This has been my greatest struggle as a writer. What? Being weird?
No, stupid, keep up. Telling and not showing. I mean showing not telling.
I hated hated hated HATED this rule so so so MUCH. I did not understand how one simply cannot tell. I have so much to tell! How could I just show it?! I'm a writer, not an artist for goodness sake.
When I took a creative writing class freshman year (best. class. ever.), this was something we definitely touched on. But I needed a blueprint, a handout, some sort of exact instruction! Because I did not understand why telling got such a bad rap.
I just love looking back at old writing and seeing how much I've grown. Even from reading things I've written less than a year ago, I can tell how much I learned.
Showing not telling was something that I learned gradually. There wasn't a formula I applied to suddenly become incredible at it (which I'm still quite far from. Being incredible at it, that is).
Since I've learned the art, I purpose that we rephrase "show don't tell" to "show over tell".
It's okay to tell. In her book This Is Not A Writing Manual, Kerri Majors discusses how a teacher once told her that it's perfectly okay to tell, as long as your telling is working. Some writers are masterful at telling. Like Kerri, my telling does not always work. It usually doesn't. My showing is more captivating and fills out the story much better.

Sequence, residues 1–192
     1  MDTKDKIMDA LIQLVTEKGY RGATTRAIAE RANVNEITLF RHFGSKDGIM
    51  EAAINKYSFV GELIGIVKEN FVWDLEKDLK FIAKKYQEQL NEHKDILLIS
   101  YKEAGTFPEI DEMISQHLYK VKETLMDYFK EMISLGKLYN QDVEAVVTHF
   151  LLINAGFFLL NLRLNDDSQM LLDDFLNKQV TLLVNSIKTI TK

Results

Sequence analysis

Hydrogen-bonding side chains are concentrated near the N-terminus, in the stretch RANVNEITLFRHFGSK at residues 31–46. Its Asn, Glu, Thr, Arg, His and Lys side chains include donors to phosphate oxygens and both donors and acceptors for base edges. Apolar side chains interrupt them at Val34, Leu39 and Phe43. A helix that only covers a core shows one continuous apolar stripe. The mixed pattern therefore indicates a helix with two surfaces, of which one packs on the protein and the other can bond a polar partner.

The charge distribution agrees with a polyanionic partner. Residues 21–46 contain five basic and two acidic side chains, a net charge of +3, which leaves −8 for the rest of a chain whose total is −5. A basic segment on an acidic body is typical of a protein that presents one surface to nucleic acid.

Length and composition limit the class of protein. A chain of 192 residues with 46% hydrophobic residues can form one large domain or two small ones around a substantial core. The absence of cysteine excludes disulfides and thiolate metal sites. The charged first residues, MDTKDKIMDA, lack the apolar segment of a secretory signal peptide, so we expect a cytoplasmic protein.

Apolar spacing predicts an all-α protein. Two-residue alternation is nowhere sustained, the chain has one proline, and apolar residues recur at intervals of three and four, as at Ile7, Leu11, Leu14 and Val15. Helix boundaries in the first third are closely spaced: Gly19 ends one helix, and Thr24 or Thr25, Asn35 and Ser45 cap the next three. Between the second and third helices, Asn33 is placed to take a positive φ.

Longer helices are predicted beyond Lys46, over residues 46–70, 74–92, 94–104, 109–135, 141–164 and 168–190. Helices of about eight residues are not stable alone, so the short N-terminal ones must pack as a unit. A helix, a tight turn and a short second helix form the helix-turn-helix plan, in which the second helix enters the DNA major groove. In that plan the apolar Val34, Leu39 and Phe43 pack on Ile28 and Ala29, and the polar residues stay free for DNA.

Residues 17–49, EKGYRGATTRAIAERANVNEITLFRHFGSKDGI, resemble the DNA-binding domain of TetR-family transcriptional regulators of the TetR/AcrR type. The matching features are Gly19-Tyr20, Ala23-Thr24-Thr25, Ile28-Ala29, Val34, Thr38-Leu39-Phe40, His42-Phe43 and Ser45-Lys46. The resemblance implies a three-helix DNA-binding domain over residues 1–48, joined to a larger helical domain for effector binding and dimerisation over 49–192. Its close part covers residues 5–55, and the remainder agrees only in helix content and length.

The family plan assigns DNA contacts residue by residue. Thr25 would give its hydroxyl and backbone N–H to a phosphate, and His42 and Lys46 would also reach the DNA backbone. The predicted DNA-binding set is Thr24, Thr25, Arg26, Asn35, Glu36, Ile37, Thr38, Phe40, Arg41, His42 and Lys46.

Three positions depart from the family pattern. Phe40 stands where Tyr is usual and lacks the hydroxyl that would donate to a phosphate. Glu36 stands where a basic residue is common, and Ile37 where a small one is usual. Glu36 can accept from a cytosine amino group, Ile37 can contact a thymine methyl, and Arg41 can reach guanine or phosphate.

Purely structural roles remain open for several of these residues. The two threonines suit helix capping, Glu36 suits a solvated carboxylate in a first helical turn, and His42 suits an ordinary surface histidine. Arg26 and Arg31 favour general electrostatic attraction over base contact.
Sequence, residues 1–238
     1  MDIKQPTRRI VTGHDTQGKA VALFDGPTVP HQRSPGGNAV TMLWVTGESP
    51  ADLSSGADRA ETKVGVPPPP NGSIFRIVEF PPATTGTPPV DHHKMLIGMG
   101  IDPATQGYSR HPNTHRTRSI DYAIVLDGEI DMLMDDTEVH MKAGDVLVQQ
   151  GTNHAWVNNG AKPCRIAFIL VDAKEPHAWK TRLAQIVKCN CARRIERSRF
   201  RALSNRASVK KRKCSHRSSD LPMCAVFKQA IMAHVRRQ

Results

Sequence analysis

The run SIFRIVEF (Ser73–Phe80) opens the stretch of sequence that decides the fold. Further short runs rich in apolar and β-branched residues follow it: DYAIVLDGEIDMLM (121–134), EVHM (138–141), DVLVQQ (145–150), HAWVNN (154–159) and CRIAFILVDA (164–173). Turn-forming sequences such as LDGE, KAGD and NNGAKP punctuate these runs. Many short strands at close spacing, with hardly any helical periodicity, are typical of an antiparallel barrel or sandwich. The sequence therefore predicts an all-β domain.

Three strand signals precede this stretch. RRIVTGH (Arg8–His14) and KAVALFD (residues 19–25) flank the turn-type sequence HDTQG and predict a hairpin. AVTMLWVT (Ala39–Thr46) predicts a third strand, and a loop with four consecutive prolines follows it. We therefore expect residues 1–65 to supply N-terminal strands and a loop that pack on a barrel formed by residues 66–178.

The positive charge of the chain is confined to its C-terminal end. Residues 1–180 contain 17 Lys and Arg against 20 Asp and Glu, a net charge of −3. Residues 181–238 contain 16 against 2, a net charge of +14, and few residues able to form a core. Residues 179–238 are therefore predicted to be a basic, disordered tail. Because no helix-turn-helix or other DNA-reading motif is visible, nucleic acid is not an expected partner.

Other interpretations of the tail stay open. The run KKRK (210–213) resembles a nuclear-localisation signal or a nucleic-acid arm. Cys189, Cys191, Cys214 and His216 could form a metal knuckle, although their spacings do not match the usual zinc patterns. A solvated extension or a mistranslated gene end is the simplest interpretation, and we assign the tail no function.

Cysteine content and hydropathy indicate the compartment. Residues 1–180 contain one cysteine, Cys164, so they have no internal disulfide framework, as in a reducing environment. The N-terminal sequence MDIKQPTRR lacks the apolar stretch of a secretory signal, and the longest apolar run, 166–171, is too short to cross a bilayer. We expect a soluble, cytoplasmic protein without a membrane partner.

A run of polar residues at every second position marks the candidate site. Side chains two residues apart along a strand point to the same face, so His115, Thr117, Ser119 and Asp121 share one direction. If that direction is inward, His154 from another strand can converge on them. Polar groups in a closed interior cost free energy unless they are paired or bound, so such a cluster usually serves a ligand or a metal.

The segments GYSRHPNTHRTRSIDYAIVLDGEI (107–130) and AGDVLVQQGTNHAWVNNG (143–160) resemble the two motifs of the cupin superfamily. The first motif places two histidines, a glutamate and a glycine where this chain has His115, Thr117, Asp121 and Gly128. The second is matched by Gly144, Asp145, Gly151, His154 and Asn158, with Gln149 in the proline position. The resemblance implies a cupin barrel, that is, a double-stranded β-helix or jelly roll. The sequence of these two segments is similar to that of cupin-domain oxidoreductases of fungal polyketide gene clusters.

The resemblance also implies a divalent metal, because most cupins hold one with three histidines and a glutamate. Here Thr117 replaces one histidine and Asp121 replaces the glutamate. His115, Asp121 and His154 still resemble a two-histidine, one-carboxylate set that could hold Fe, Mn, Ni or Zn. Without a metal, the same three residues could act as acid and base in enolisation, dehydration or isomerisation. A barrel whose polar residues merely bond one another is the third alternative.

Show over tell is the difference between telling someone about your best friend and actually introducing them to your best friend. While both are perfectly lovely, the later is the more desirable.
I think this quote sums it up quite nicely:
On another brief note, thank you all so much for reading my blog and for the kind comments! You all make me smile. Have a blessed Easter and I'll see y'all next week!